foucault at eden.rutgers.edu
Mon Jan 30 02:29:26 MST 1995
I can see that my smallish comment about excessive quoting has made
less than a noticable dent, whatever.
No serious minded person could question the benefit of academic
debate. Furthermore, Marxism is clearly such an important ideology that it
has enveloped academic thought and been transformed by the academy so that
those outside the specific discourse of a given discipline may not even
recognize it, This is in no way wrong. What one calls for, however, is the
philosophers among us to aim their abilities squarely at concrete issues of
Marxist interest IN ADDITION TO their very important academic combat.
I have proposed, and will continue to propose, that conflict is an
irreducible social quantity germane to all Marxists of all stripes. It is
doubly important to focus on conflict since the conservative capitalists are
constantly going to the absurd extent (especially in America, it seems to me)
of insisting that our society is without the conflicts identified by Marx.
Therefore I say that we should all try and identify one essential conflict in
our arguments. I suggest conflicts in the nature of contrasting a popular
belief with a contradicting reality, or contrasting a bourgeois belief with a
socialist one, a proletarian view with a socialist one, a proletarian desire
with a capitalist one, a capitalist economic analysis with a planned economy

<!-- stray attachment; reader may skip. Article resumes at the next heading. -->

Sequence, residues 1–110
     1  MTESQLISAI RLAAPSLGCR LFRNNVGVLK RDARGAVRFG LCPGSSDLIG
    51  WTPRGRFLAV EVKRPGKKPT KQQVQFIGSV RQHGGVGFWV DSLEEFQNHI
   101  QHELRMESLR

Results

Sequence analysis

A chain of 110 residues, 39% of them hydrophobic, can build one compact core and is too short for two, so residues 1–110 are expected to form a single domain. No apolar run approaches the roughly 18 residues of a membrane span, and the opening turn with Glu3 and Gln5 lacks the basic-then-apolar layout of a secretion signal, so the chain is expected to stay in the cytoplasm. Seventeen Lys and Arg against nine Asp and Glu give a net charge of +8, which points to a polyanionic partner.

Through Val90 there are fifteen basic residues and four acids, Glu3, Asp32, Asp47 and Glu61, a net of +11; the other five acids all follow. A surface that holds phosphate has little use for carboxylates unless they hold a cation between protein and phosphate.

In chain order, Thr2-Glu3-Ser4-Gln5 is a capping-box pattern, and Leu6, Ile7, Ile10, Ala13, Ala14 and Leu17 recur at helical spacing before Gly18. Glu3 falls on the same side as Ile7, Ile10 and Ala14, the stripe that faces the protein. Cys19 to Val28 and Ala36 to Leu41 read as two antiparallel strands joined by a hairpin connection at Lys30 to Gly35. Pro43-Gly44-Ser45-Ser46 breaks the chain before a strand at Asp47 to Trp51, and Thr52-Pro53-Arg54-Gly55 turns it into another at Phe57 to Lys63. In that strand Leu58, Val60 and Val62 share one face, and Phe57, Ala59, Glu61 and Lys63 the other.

analysis, or an anarchist one - so long as a central conflict can be
expressed in the argument.
To that end, I will make a stab at it.
The Green/ Socialist conflict seems to me an excellent example of a
well, even properly, intentioned false consciousness. Greens identify a
terrible symptom of capitalism as a central issue in dialectic relations, and
are quite wrong in doing so. The relationship of man to earth is
essentially moot to marxism (unlike the relationship of man to woman or white
to black) because only human relations are fundamental to Marxism.
Environmental panic seems inevitably to give way to a planned economy ideal,
precluding the necessity for true worker control of production in its logic.
The issue of creating a geener human economy is vastly important, but it is
not a Marxist cause. One must deal with the environment as the American
founding fathers dealt with Christianity - in this way - the argument must be
that the infliction on the masses of industrial excess can only be solved by
the masses gaining democratic control of the industrial apparatus. If the
masses are found not to give a hoot for the environment, than it is their
problem. One can only trust in one's educated fellow citizens. At no time
can the cause for a greener world be held higher than the cause for worker
control of that world. Man asks much of his environment. Under socialism he
may very well ask more. That is his absolute right. The fight against the
rigors of our natural condition is the central force in the dialectic of
economic history. We WILL and we HAVE dominated the earth for our own
benefit. We can only protest to our comrades that the masses will treat
their mother better than their bosses, and must. The ravaging of the earth
is an immensely forceful example of our need to take democratic control of
our economic destiny. It is not a destiny in itself.
Despite the clear rectitude of this analysis - :) , any challenge
or augmentation, philosophical or not, is welcomed by its author, so long
as the central conflict here analysed is given preponderant importance in
the response. The field (although not very green), is marked off.
Let the games begin.
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